Top Honda executives think diesel engines are on the way out, and to keep the Civic a best-selling global vehicle are considering gasoline hybrid and plug-in hybrid versions.

The tenth-generation 2017 Civic has just arrived, and it was engineered from the beginning to accept gasoline, diesel, hybrid and gasoline plug-in hybrid powertrains, as well as hydrogen.

Honda’s Chief Operating Officer, Katsushi Inoue, told British publication Autoexpress the company is looking at adding a hybrid model by the end of the decade to compete with competitors like the Toyota Prius and the soon-to-arrive Hyundai Ioniq.

“After the [Volkswagen] emissions scandal, we have to think about it,” Inoue-san said.

SEE ALSO: Hybrid Cars Have Cost Advantage Over Diesel, Less Expensive Than EVs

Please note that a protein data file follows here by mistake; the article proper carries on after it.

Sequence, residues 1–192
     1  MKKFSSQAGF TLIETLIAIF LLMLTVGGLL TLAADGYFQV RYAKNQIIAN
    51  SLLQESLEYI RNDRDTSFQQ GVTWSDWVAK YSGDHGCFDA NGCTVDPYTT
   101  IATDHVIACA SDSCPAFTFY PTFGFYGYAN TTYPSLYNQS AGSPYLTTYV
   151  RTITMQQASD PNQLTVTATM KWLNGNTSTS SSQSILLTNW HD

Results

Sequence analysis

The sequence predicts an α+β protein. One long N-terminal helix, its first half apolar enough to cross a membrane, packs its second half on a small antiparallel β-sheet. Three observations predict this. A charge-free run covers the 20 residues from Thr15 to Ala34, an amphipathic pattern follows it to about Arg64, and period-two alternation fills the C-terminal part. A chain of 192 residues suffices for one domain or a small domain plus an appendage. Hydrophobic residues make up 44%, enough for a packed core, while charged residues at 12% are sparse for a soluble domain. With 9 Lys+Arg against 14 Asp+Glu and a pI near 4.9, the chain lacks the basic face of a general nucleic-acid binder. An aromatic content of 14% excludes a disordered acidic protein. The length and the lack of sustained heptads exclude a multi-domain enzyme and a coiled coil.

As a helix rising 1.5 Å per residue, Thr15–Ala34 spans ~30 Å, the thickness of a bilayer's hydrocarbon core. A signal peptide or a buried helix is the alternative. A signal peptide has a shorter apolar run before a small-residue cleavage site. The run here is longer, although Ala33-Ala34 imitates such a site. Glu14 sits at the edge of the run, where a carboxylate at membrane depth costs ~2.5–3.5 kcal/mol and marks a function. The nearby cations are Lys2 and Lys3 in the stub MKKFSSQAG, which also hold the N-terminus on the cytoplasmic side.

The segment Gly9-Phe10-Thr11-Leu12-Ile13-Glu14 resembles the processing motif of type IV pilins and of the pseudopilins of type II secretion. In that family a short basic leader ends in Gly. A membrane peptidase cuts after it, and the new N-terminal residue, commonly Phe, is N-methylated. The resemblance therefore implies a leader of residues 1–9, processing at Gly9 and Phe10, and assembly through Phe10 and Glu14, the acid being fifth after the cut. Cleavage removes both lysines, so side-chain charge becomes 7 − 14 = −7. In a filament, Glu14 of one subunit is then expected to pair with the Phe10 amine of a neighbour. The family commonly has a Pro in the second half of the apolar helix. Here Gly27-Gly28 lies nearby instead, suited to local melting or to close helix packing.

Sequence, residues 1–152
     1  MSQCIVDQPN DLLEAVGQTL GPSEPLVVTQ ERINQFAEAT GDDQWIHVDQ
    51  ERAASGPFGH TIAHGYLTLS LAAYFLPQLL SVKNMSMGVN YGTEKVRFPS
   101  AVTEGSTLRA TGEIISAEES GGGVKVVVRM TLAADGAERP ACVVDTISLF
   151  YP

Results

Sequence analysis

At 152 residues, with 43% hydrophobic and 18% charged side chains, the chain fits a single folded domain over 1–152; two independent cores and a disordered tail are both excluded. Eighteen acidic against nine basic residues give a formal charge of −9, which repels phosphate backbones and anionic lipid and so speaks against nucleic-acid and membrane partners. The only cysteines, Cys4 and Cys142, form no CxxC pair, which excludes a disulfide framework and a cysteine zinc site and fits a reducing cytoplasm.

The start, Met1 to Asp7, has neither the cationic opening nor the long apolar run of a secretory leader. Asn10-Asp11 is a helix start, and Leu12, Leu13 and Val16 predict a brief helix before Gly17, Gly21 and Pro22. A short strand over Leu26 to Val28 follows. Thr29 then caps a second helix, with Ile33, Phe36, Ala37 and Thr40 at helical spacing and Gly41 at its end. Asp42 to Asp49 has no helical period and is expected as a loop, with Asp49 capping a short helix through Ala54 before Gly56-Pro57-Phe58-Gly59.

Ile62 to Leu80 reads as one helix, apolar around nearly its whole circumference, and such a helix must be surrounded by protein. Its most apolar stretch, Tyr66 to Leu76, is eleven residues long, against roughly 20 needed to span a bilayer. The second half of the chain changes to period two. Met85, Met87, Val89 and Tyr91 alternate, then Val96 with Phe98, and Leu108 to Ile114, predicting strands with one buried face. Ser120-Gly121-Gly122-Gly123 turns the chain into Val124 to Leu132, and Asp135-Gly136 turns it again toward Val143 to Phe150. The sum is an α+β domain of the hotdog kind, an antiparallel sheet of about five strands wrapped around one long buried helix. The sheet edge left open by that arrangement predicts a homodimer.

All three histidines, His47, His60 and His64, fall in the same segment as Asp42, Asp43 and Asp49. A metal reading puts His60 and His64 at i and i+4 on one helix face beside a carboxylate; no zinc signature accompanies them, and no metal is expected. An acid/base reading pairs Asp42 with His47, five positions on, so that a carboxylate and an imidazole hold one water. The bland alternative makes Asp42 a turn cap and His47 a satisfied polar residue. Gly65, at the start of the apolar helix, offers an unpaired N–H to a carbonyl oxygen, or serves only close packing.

In 2012 Honda developed three hybrid systems, one each for small, midsize and full size vehicles, so producing Civic hybrid models should be an easy task.

The Civic is Honda’s biggest global seller and in a separate conversation with Autoexpress, Civic development leader Mitsuru Kariya said, “We sell 600,000 units per year – so if the Civic fails, Honda will fail.”

He said the new Civic platform is flexible and adaptable to future hybrid versions.

“The evolutionary steps from a diesel engine are now more or less limited, so we are shifting resources from diesel to electrification. A hydrogen fuel cell is not in our plan for the moment,” he concluded.